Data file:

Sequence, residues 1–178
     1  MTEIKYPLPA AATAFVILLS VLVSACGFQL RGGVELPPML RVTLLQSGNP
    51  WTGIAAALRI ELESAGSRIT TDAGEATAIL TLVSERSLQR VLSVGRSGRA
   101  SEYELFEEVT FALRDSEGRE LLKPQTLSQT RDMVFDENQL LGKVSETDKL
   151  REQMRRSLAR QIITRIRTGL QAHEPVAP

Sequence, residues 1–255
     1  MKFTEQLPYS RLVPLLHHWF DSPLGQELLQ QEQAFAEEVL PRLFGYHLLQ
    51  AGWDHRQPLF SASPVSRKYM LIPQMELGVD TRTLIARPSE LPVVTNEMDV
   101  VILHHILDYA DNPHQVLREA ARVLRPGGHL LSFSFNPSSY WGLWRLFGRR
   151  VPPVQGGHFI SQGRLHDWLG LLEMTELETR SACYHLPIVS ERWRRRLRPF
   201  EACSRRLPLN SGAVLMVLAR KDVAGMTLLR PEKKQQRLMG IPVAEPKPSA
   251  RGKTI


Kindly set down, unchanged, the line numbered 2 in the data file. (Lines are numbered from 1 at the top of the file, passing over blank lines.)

     1  MTEIKYPLPA AATAFVILLS VLVSACGFQL RGGVELPPML RVTLLQSGNP